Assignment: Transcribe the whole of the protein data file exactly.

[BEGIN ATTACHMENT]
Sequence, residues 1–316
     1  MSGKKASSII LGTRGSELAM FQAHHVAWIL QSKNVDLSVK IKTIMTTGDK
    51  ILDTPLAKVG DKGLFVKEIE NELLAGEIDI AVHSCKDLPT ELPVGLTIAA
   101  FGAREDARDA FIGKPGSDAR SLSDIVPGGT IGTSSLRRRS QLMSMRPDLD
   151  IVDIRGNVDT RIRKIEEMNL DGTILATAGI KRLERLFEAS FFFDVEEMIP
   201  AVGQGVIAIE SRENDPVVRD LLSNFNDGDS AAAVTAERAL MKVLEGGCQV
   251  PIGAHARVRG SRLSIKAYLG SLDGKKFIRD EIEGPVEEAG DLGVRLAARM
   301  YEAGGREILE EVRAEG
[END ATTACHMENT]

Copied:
Sequence, residues 1–316
     1  MSGKKASSII LGTRGSELAM FQAHHVAWIL QSKNVDLSVK IKTIMTTGDK
    51  ILDTPLAKVG DKGLFVKEIE NELLAGEIDI AVHSCKDLPT ELPVGLTIAA
   101  FGAREDARDA FIGKPGSDAR SLSDIVPGGT IGTSSLRRRS QLMSMRPDLD
   151  IVDIRGNVDT RIRKIEEMNL DGTILATAGI KRLERLFEAS FFFDVEEMIP
   201  AVGQGVIAIE SRENDPVVRD LLSNFNDGDS AAAVTAERAL MKVLEGGCQV
   251  PIGAHARVRG SRLSIKAYLG SLDGKKFIRD EIEGPVEEAG DLGVRLAARM
   301  YEAGGREILE EVRAEG